Q. What is the definition of an “Act of God” as it relates to contracts? A vendor contracted to service the HVAC system is claiming that storms are an act of God when the power goes out.
A. The following web site contains various definitions of the term "Acts of God," including one from the sphere of contract law: www.answers.com/topic/act-of-god. Usually the term means an event that directly and exclusively results from the occurrence of natural causes that could not have been prevented by the exercise of foresight or caution. (Revised: June 2010)
Q. Per the project manager (PM) the planting could not be done until the fall because the agreement for the landscaping was not executed until March 2011, which the PM stated was past the planting season. The PM made a mistake and issued a notice to proceed and the landscaping was done in November; the original contract expired in June 15, 2011. Per my conversation with her she thought the agreement didn't expire until December 2011; we have not paid the invoice with federal assistance pending your guidance. The fund source is ARRA. The vendor held the same scope and price that was in the original agreement. Please advise how we should handle this situation. Is it a new sole source contract award? Or perhaps a ratification of an unauthorized act by the PM?
A. This case is not "new work" requiring a sole source nor is it a cardinal change. The contractor is doing the very work contracted for and at the same price but at a later date due to conditions that made it impossible to perform the contract prior to the completion date of the contract. We would say it is an extension in the delivery schedule done for the benefit of the agency and it is required by "working conditions" (i.e., climate) beyond the control of the contractor (a "force majeure" type of excusable delay) that made it impossible to meet the original delivery schedule. We would not treat this as a term - type contract for landscaping services during a certain period of time, ending in June, but rather as a completion/delivery type of contract calling for the planting of certain landscaping plants or trees by a certain date (June), which in turn requires an extension of the delivery schedule due to an excusable delay because of forces beyond the contractor's control. (Posted: June, 2012)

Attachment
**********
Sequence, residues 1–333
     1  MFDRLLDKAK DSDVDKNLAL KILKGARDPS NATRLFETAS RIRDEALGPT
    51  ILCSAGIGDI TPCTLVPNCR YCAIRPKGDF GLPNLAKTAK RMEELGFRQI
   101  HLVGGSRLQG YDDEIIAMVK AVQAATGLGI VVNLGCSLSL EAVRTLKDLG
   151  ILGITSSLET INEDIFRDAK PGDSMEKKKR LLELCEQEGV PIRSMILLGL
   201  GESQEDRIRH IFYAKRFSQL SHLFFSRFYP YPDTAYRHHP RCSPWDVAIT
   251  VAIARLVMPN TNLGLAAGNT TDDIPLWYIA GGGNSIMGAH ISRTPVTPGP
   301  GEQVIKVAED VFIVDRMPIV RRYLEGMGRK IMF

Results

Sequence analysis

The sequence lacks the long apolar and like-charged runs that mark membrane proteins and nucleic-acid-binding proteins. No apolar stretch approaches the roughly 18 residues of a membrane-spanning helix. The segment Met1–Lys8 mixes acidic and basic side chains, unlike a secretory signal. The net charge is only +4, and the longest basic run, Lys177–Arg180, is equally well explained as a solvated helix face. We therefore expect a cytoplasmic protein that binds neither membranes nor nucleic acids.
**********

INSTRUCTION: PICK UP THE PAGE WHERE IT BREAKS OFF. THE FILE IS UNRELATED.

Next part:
Q. The Best Practices Procurement Manual talks about three elements that are critical in determining whether an excusable delay has occurred. The three elements are: (1) The delay must arise from unforeseeable causes, (2) The event must be beyond the control of the contractor, and (3) The delay must be without the fault or negligence of the contractor. In the case of Super Storm Sandy it would appear that any delay arising from Super Storm Sandy was foreseeable and therefore the contractor cannot claim that the delay is excusable. However, they could claim that the delay was beyond the control of the contractor due to the severity of the storm. Question: is the contractor required to meet all three elements in order to determine if an excusable delay occurred or can they used any one of the three criteria to show cause?
A. This is covered exclusively by state procurement law. We do not see a federal role in this question. The contract itself is constructed exclusively under state and local laws. Federal law is concerned more about factors such as full and open competition, Buy America, etc. There would be a body of state case law governing this legal issue. (Posted: August, 2013)